Amid a generally upbeat July employment report lurked some unwelcome news for working people: Gains in weekly incomes were the worst in nearly two years.
In inflation-adjusted terms, production and non-supervisory workers have seen a weekly raise of just 3 cents since March 2010, the month after employment hit bottom after the recession.
"It's not an economy that has a sign of momentum," said Diane Swonk, chief economist at asset-management firm Mesirow Financial in Chicago. "Hours worked are not heating up, and wages are stagnant."
The economy added 163,000 jobs in July, the government said Friday. That's a bit better than the average of 133,000 new monthly jobs since employment hit bottom in February 2010.
"The job market is still so loose, it's hard to ask for a raise," said PNC Financial senior economist Gus Faucher.
The income gains are comparable to past recoveries, according to government data.
Coming out of the 1982 recession, this group of workers, which includes nearly five of every six private-sector employees, got almost a $5 weekly raise in the first year of the jobs comeback. That's about $11.40 in today's money.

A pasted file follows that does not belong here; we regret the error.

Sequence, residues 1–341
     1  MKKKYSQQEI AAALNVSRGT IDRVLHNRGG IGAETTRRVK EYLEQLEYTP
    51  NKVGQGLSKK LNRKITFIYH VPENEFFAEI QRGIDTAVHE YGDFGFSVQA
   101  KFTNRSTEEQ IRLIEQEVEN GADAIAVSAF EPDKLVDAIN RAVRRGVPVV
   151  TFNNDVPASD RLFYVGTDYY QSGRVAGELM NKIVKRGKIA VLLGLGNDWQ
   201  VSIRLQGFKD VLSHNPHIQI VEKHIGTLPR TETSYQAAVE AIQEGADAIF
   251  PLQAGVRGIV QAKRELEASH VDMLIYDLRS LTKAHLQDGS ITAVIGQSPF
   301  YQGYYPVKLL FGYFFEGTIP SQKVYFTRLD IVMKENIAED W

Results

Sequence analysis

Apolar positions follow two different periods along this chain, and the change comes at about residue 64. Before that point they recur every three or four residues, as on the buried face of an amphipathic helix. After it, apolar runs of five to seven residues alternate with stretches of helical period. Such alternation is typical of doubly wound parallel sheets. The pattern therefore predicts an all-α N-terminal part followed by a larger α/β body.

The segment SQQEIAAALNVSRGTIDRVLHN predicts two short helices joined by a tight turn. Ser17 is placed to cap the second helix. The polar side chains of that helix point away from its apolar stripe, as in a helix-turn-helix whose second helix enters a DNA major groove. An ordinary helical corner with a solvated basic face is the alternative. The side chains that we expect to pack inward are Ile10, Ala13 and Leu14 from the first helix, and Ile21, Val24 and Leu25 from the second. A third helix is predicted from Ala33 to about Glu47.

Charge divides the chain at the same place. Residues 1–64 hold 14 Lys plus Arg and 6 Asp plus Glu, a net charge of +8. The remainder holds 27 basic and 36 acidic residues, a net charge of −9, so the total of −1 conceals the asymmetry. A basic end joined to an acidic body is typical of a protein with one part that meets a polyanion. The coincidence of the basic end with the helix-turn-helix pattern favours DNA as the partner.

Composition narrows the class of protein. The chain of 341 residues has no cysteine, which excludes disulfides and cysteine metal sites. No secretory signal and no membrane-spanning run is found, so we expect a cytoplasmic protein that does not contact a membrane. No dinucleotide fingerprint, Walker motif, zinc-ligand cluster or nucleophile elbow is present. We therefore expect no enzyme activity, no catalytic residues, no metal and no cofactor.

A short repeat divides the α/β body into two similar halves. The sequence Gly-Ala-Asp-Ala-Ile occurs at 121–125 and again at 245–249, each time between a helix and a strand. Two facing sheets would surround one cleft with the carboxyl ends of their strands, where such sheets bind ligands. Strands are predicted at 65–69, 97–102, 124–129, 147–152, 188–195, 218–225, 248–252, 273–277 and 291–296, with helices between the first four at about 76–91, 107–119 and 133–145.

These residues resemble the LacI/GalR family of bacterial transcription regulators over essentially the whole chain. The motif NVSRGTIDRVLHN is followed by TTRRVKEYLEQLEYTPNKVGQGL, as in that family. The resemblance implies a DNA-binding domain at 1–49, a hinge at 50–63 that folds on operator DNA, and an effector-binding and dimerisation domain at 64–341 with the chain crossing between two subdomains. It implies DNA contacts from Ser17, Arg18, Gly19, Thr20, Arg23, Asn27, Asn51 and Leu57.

But most of that gain was lost by mid-1985, leaving just an inflation-adjusted $1.66 a week.
After the 1992 recession, workers got an inflation-adjusted 92-cent weekly raise by this time in the recovery, worth just under $2 a week now. After the 2001 downturn, inflation-adjusted wages had fallen by this stage of the recovery.
This time, workers posted gains in 2010, much as in 1983, but have lost nearly $4 a week in inflation-adjusted pay since October 2010.
Besides weak bargaining power, workers are having trouble cashing in because the biggest jobs gains are in industries with many low-wage workers, said Moody's Analytics economist Marisa Di Natale. Higher-paying fields aren't gaining that many jobs.
The weak wage growth threatens to derail the hoped-for virtuous cycle in which people see unemployment dropping, get more confident about the economy and begin spending, Di Natale said. Moody's, while expecting job growth to keep close to its current pace, doesn't expect inflation-adjusted wages to rise before late next year.
Most Popular Stories
- Consumer Spending Will Offset Sequester: Economists
- Hispanic Grads Pass Their Peers in College Enrollment
- AT&T Seeks to Fill 120 Jobs in South Carolina
- Gas Prices Expected to Stay High
- California Considers Oil Tax to Fund Schools
- Dude! California Beach Parking Plan Making Waves
- Ford's Supplier Diversity Program Turns 35
- Yahoo to Pay $1.1 Billion for Tumblr
- NTSB Wants to Lower Blood Alcohol Limit to 0.05
- Boise Terror Suspect Pleads Not Guilty